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Species Sarcoptes scabiei - itch mite

human itch mite - Sarcoptes scabiei human itch mite - Sarcoptes scabiei human itch mite - Sarcoptes scabiei Sarcoptes scabiei - human itch mite - Sarcoptes scabiei - female
Classification
Kingdom Animalia (Animals)
Phylum Arthropoda (Arthropods)
Subphylum Chelicerata (Chelicerates)
Class Arachnida (Arachnids)
Subclass Acari (Mites and Ticks)
Superorder Acariformes
Order Astigmata (Astigs)
Suborder Psoroptidia
Family Sarcoptidae
Genus Sarcoptes
Species scabiei (itch mite)
Size
adult females: 350-450 micrometers; adult males: 250-350 micrometers
Range
cosmopolitan
Habitat
Mammalian skin; hosts include humans, dogs, non-human primates, ungulates, and marsupials
Life Cycle
The following pertains to the human host:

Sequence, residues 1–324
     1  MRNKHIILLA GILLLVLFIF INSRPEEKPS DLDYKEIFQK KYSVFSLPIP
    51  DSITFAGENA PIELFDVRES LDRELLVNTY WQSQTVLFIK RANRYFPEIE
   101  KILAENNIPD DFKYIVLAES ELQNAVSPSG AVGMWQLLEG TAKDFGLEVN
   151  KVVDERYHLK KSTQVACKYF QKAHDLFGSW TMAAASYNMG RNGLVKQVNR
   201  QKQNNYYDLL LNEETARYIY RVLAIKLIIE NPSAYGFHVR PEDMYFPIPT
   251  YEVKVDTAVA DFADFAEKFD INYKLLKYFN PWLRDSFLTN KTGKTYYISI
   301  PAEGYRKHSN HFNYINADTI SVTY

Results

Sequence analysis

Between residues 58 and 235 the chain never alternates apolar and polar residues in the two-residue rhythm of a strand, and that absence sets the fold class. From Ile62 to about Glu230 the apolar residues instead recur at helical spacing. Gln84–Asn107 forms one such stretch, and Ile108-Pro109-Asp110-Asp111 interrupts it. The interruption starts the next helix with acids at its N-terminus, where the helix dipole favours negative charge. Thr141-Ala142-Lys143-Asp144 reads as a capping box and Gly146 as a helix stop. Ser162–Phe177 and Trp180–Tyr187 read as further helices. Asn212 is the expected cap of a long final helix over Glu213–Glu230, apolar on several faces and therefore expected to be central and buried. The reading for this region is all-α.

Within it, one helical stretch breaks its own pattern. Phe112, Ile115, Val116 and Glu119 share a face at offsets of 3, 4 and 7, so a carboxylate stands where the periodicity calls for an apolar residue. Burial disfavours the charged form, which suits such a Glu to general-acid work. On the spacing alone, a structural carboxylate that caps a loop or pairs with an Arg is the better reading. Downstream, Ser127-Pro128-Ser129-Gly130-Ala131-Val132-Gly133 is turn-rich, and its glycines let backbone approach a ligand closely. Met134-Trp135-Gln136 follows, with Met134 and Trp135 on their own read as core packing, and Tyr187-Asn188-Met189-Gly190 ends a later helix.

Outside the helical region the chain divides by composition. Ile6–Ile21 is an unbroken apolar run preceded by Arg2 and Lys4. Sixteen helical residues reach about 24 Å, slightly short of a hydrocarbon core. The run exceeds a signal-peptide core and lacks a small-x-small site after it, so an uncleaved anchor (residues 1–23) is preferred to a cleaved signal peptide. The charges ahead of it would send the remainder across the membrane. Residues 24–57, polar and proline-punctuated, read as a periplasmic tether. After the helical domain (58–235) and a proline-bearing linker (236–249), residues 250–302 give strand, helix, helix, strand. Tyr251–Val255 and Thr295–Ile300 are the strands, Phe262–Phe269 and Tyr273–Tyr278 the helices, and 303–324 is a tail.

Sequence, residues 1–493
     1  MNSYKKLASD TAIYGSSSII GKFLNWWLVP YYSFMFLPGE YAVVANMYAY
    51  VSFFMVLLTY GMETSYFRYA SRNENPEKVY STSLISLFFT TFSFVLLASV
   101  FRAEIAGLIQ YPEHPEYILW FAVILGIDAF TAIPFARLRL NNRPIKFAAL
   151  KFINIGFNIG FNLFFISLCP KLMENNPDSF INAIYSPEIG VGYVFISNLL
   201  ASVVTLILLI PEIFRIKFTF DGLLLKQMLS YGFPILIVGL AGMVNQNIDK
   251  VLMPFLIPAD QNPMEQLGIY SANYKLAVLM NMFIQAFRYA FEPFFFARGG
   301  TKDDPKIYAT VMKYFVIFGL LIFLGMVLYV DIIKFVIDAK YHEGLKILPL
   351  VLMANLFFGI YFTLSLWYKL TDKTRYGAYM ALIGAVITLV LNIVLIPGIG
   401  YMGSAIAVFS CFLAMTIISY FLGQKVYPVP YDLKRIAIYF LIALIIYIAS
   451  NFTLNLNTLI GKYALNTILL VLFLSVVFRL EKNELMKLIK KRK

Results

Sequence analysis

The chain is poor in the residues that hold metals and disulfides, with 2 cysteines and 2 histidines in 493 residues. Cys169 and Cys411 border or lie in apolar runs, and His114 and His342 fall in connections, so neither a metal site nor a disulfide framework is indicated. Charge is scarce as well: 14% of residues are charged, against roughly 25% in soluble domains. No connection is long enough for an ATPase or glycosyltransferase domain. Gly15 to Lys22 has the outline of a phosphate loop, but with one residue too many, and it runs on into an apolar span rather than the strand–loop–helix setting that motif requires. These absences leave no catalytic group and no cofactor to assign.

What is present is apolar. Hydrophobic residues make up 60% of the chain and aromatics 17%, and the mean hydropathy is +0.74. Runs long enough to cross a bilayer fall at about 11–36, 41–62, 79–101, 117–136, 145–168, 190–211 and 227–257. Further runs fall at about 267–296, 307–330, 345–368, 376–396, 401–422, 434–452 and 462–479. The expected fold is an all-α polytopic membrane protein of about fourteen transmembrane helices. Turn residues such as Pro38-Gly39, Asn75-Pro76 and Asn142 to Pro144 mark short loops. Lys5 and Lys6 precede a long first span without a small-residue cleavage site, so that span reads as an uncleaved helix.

Sarcoptes scabiei has five developmental stages: egg, larva, two nymphal stages, and adult. All stages reside on the human host. Adult, unmated females reside in their nymphal molting pouches until fertilized by a male. Impregnated females then leave the molting pouch and wander on the surface of the skin until they find a suitable site at which to make a permanent burrow. Females mate only once and remain fertile the rest of their lives (roughly 1-2 months). The mated females burrow into the superficial layer of the skin (stratum corneum), laying 2-3 eggs per day. There is only one female per burrow. After about 3-10 days, larvae hatch and migrate to the surface of the skin and form shallow molting pouches. Within these pouches, the larval mites undergo two nymphal stages before becoming adults. The process from egg to adult is roughly one week in duration. Adult males leave their molting pouches to find and mate with a female.